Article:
At the Caribbean Investment Summit in Miami in May, one of the few countries from the region that did not send an official representative was nonetheless front of mind for many attendees and popped up repeatedly in discussions about FDI: Cuba.

The most populous country in the region, Cuba is coming out of the shadows of sanctions and enjoying a long-awaited rapprochement with the US. Foreign investors are circling the island with interest, chomping at the bit to tap this enticing, newly opening market. Its neighbours have reason to be worried by the competition Cuba will now present as a tourist and investment destination, although many of them are talking about how they can benefit rather than lose out from Cuba’s entrance into the global market. 


Competing for capital

There should indeed be scope for mutual gain, but now that Cuba seems serious about upping its game in tourism and attracting more foreign investment, it looks to be a formidable competitor. After heightened anticipation as the diplomatic process with the US moved towards conciliation and the subsequent lifting of a decades-long trade embargo, Cuba is crystallising its FDI offer. While working still within the construct of the country’s long-held socialist principles, Cuba is intent on finding a way to engage the international private sector and bring in much-needed foreign capital.

“The goal is to increase GDP by 5% a year, so we need $2bn to $3bn of FDI yearly. The objective of our policy is for FDI to play an important role in meeting our economic goals and helping our country's development,” says Deborah Rivas, director-general of foreign investment at Cuba's Ministry of Foreign Trade and Investment. “Foreign capital helps us implement our policy objectives as a developing country. In the end, there’s not a contradiction [between FDI and socialism]. Cubans benefit from foreign capital.”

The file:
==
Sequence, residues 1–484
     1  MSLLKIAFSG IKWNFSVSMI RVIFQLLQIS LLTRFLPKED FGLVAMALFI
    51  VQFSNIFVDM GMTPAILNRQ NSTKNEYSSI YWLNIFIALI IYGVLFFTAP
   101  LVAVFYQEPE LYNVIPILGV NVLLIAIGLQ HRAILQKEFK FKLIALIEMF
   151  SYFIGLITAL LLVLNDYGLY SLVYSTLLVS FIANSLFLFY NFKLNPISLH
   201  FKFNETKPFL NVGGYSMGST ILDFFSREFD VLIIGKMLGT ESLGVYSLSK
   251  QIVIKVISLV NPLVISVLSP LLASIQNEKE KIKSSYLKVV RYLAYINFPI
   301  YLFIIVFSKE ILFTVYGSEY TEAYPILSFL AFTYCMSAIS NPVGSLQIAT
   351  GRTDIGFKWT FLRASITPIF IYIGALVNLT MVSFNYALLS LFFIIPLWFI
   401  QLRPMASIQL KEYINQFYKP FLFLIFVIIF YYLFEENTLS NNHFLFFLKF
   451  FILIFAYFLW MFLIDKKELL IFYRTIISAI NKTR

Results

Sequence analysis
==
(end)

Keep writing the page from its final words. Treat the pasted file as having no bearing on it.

She adds: “We have a clear public policy to attract private capital in priority sectors.” These include tourism, energy (especially renewables) and health – although officials stress that other sectors are also open to foreign investment. Unveiling a portfolio of 326 ready-made investment projects at the Havana International Fair in November 2015, government officials said they hoped the projects would draw in more than $8bn in investment.

Building up tourism 

Tourism is a top target. In 2015 Cuba attracted 3.5 million tourists, a 17% increase on the previous year and with travel restrictions for Americans being eased by the US government, this number looks set to keep rising faster than hotels can be built. The Cuban government wants to gear foreign investment in this sector to the construction of new hotels and real estate. Indeed, it is promoting projects such as the building and commercialising of top-quality hotels (five projects involving 11 different hotels), real estate development of golf courses, hotel management and construction involving 21 different resorts, and marina management (seven projects).

“We currently have 66,000 to 70,000 hotel rooms and 10,000 in private hands. But it’s not enough; we need to increase capacity. This is one of the sectors that we’re opening actively,” says Ms Rivas.

Investment law is evolving in order to catch up and there is a new openness to investment structures and tax policies that are closer to the international norm, according to Antonio Carricarte, first deputy minister of foreign trade and investment. “We typically have worked through joint ventures but now we’re recognising other forms of investment and exploring new types of contracts,” he said at the Annual Investment Meeting in Dubai in April. “We are also seeing a shift in tax policy – corporation tax was 30% but has been reduced to 15%. And we are setting the timeframe for permit approvals into the law.”

Cuba’s Caribbean neighbours, take notice.